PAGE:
Bcl-2 family proteins[edit | edit source]
Initiation of intrinsic apoptotic pathway is regulated by Bcl-2 (B-cell lymphoma) family proteins that count at least fifteen different members in mammalian cells. These proteins can be divided in the two antagonistic groups according to their function in apoptosis induction. Bax, Bak, Bid or Bim are pro-apoptotic Bcl-2 proteins, while Bcl-2, Bcl-xL, or Mcl-2 have anti-apoptotic function. Bcl-2 family members possess up to four conserved α-helical domains, designated BH1, BH2, BH3 and BH4. Pro-apoptotic Bcl-2 family proteins differ in numbers of BH (Bcl-2 homology) domains and can be divided into multi-domain proteins having three domains and BH3-only proteins, anti-apoptotic Bcl-2 family proteins are all multi-domain having four domains. Some of these proteins also contain hydrophobic helical transmembrane domain on their C-terminal for anchoring these proteins to cellular membranes (see picture).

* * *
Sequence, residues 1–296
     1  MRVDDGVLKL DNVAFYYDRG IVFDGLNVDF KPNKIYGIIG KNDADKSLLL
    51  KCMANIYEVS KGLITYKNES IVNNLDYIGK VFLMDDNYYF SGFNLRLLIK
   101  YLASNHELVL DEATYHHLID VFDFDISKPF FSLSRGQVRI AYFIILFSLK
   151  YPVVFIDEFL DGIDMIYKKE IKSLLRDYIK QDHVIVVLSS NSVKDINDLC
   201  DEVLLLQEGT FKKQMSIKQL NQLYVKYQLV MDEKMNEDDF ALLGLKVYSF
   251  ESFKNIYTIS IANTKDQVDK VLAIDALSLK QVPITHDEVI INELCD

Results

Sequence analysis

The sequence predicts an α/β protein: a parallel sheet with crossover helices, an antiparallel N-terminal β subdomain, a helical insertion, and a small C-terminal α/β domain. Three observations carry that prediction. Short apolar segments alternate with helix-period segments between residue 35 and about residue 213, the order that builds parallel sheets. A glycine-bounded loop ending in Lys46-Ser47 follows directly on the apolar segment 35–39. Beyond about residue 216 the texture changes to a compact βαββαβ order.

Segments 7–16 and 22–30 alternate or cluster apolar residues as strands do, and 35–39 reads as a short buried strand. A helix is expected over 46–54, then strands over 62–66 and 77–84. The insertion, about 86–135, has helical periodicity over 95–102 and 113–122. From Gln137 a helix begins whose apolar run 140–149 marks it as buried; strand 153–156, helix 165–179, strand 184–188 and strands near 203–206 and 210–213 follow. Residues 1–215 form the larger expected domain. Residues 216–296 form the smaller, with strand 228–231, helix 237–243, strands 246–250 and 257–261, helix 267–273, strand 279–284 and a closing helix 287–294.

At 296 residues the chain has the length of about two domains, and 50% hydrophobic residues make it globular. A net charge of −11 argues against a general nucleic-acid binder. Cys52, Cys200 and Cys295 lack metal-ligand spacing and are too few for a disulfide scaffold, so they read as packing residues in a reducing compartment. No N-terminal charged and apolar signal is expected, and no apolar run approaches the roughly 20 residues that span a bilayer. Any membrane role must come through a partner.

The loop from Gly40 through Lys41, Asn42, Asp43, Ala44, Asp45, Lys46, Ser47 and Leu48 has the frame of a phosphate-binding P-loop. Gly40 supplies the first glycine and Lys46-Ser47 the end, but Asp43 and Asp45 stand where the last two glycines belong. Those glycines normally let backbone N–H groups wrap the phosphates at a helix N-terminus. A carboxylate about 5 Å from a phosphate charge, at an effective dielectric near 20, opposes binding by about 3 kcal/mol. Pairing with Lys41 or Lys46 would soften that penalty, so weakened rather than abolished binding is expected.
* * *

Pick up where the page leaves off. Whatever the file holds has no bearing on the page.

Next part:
Bcl-2 family proteins activity can be regulated by phosphorylation mediated by cell kinases. Very important way of regulation is also carried out by homodimeric or heterodimeric interactions of individual members belonging to this protein family that are performed by their BH domains. Concurrent inhibition of the activity of anti-apoptotic Bcl-2 proteins and increased activation of pro-apoptotic Bcl-2 proteins is a key mechanism in initiation of intrinsic apoptotic pathway.
The role of mitochondria in the intrinsic apoptotic pathway[edit | edit source]